BOSTON--(BUSINESS WIRE)--Investors of all ages are turning to cash in what appears to be a deliberate and longer-term fundamental change in investing – and Generation Y is leading the pack – according to the latest findings of the MFS® Investing Sentiment Survey. The research shows investors are driven by fear, leading to a strong desire to protect their assets. Nearly three in five investors cite fear (about volatility or needing money someday) as a reason they hold high or increasing levels of cash. They also want immediate access to their assets and say it will take a meaningful change in either the economy or their personal circumstances to instill enough confidence for them to return to the equity market.
"Investors are in cash for a reason and, regardless of time horizon, conventional investing wisdom no longer applies. The Great Recession of 2008 has had a profound – and longer-lasting – impact on investors' confidence than expected," said William Finnegan, senior managing director of U.S. retail marketing for MFS. "Investors, especially younger ones, would rather keep cash in the bank than chance the stock market."
Results from the MFS Investing Sentiment Survey pertaining to investors use and perception of cash can be broken down into four major themes.
Cash: a deliberate, fundamental shift in investing
- Investors surveyed had on average 26% of their portfolio in cash, with Generation Y (Gen Y) having the highest cash position, 30%.
- The typical investor had 12 months' worth of cash on hand, and that cash allocation is increasing for more investors (24%) than it is decreasing (12%).
- 62% reported that cash was an important part of their investment strategy.
Cash: driven by fear
- One-quarter said they liquidated a portion of their portfolio in 2010 or 2011 because of market concerns, with 52% of Gen Y having liquidated – more than any other age group.
- Rising health care costs (78%), growing federal deficit (72%), and increases in taxes and legislative gridlock (both 66%) are the top concerns over the next 12 months.
- More than one-half (53%) feared a major drop in the stock market over the next year as well, an increase from 47% from MFS' Investing Sentiment Survey results reported earlier this year.
Cash: access and safety
- One-third viewed cash as a safe alternative in the current market, especially Gen Y investors.
- One-half agreed with the statement, "Keeping my savings in cash makes me feel more secure."
- 82% agreed with the statement, "It is very important for me to have instant access to my cash if/when I need it" and on average, 65% of cash was held in banks.
Cash: when will it move back to equity?
- Only one-quarter of investors have reinvested all or most of the cash they liquidated in the past year and a half, while 35% said they will reinvest in the next 12 months, and 24% said they would not reinvest in the next 12 months.
- Consistent improvement in economic indicators (55%), leadership on a clear deficit reduction plan (45%), and sustained improvement in the global economy (40%) were the top three factors investors need to feel more comfortable investing in the stock market.
- However, younger investors, especially Gen Y, need to see an improvement in their personal wealth (Gen Y, 34%; Gen X, 30%) or overall personal situation (Gen Y, 37%; Gen X, 32%) before feeling comfortable investing in the stock market.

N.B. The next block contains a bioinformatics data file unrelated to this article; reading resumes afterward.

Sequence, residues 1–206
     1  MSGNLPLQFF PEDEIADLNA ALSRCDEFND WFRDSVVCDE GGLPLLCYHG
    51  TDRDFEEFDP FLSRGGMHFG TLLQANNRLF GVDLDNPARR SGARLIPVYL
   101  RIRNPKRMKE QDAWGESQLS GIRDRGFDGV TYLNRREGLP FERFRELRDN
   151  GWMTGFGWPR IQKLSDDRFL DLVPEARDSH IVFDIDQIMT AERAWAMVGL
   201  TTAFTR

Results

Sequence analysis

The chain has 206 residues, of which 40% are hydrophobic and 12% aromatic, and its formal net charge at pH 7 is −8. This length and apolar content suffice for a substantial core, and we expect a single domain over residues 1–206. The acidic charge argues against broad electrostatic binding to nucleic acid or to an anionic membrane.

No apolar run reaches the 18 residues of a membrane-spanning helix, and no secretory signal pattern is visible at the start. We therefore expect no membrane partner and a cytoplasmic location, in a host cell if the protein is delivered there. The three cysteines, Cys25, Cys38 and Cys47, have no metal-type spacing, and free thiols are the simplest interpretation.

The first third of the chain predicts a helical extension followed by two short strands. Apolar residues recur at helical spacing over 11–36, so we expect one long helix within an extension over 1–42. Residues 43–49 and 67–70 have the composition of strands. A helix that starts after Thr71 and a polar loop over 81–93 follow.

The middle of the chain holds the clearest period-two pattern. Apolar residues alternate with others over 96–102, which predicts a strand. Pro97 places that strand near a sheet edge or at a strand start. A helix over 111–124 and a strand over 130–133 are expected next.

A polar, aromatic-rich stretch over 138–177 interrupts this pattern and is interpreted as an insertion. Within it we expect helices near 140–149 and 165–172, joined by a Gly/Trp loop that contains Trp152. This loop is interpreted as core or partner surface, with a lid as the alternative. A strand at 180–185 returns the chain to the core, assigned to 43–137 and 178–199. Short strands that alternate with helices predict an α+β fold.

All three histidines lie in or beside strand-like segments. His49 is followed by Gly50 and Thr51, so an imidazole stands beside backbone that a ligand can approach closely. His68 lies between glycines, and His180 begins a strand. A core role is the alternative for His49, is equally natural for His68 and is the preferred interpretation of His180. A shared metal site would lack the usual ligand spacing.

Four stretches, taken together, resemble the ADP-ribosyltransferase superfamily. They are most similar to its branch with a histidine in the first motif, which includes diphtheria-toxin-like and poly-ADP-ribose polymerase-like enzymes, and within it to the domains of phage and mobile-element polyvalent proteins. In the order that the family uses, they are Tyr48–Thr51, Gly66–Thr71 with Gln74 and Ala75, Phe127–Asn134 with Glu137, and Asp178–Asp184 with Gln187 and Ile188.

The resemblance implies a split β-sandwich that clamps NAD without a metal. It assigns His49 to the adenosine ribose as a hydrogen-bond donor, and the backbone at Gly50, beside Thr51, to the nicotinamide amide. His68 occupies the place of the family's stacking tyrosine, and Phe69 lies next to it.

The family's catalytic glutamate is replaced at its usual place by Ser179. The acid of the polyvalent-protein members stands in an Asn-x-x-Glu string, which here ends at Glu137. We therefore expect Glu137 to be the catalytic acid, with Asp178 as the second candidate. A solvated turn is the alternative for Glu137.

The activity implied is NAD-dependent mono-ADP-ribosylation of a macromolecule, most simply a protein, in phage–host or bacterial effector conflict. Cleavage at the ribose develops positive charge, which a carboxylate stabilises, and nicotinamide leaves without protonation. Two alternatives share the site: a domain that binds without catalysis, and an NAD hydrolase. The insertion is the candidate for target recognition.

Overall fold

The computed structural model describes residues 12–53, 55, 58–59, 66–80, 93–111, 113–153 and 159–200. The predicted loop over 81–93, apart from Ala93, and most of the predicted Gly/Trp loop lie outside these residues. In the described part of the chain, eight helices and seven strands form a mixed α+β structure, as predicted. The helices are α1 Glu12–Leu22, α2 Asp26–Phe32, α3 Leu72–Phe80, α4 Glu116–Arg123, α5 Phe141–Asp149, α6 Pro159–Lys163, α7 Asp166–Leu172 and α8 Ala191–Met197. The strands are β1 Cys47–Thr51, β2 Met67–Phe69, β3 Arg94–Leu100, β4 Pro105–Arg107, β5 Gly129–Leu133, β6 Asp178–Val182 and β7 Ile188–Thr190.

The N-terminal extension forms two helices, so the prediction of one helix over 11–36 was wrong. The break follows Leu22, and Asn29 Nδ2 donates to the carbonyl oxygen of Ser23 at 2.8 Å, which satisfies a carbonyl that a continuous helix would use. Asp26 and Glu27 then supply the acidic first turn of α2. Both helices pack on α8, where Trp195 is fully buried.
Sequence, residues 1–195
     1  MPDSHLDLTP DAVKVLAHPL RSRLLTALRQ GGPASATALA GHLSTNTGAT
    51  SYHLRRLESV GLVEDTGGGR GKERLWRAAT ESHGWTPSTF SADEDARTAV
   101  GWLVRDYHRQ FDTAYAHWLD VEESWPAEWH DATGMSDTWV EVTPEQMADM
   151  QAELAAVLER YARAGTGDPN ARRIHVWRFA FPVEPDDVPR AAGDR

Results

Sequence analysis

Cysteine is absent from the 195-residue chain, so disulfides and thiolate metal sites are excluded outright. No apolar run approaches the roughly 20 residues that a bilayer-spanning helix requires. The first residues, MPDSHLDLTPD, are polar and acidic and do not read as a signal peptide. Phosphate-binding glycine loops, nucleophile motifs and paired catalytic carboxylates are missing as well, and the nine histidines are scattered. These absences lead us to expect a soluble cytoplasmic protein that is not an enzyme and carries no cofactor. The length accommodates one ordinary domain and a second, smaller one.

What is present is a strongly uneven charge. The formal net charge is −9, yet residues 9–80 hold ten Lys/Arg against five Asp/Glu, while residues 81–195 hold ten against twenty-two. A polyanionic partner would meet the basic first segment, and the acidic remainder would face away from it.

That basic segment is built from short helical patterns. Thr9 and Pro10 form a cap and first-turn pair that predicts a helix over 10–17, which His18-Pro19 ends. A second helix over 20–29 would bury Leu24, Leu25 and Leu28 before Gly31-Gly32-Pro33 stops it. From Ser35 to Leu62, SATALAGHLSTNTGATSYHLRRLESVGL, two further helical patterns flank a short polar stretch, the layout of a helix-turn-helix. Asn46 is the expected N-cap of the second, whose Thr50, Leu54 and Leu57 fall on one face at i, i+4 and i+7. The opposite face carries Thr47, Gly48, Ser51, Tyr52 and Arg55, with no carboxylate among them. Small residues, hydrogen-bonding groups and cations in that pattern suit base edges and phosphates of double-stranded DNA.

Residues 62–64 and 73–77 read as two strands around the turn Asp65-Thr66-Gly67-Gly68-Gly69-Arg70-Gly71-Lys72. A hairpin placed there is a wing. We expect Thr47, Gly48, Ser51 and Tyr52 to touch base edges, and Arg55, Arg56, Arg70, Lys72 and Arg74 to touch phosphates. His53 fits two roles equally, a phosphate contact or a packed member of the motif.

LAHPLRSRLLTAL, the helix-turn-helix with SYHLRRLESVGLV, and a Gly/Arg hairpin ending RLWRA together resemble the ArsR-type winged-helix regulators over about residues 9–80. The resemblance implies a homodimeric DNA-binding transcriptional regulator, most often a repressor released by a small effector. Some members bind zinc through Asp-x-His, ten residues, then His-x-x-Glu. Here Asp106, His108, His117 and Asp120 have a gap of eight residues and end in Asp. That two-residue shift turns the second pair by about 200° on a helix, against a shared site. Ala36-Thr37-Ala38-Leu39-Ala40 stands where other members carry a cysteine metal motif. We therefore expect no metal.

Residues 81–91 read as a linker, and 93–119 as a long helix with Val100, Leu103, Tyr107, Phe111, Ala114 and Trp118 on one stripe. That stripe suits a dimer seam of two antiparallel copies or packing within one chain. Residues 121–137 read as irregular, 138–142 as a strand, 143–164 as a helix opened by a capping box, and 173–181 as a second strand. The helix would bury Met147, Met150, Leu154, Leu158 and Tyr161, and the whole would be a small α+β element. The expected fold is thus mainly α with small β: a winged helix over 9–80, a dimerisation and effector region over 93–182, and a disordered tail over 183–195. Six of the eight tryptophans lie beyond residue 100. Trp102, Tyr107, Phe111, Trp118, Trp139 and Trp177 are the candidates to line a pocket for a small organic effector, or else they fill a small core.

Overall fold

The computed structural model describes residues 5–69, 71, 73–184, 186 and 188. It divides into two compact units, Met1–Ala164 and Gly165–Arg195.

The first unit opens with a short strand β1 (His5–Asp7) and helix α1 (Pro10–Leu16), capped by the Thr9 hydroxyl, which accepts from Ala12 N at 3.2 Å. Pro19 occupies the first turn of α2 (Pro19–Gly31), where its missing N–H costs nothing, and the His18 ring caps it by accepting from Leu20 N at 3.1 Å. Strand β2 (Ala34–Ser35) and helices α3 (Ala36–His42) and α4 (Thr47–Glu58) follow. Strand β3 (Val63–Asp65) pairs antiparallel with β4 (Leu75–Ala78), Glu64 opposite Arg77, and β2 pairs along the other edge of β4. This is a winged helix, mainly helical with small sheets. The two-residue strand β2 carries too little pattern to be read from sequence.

"With persistently high unemployment, spotty economic data, and uncertainty in Washington, D.C., no one is going to tell investors they are wrong to have high cash balances. To the contrary, the data confirm that they are confident in their decisions to hold cash and they consider high cash balances to be integral to their investing approach," Finnegan added. "A majority, 64%, agree that they worry about inflation eating into their nest eggs, but it seems investors are willing to trade long-term inflation risk with the safety, security, and low volatility that comes with keeping cash in the bank."
The preceding survey results are from the second series of the MFS Investing Sentiment Survey. MFS issued three reports earlier this year based on its first survey results, detailing the disconnects between financial advisors and their clients in March, the challenges facing both Generation X/Y and Baby Boomers in April, and the pessimism that permeates the mass affluent investor segment in May. MFS plans to issue additional findings from this second series over the next several weeks, highlighting for the first time Generation Y investing sentiment. MFS also plans to conduct and report on a third survey in the fourth quarter.
About the survey
MFS, through Research Collaborative, an independent research firm, sponsored an online survey from May 31 to June 7, 2011, of 974 individual investors with $100,000 or more in household investable assets. All investor respondents make or share in making financial decisions for their households. MFS was not identified as the sponsor of the survey. Generation Y refers to investor respondents between the ages of 18-30. Generation X refers to investor respondents between the ages of 31-45. Baby Boomer or Boomers refers to investor respondents between the ages of 46-64.
About MFS Investment Management
MFS is a premier global money management firm with investment offices in Boston, London, Mexico City, Singapore, Sydney, and Tokyo. The firm’s history dates back to March 21, 1924, and the establishment of the first U.S. “open-end” mutual fund. MFS manages $237.1 billion in assets on behalf of individual and institutional investors worldwide, as of July 31, 2011. Please visit mfs.com for more information.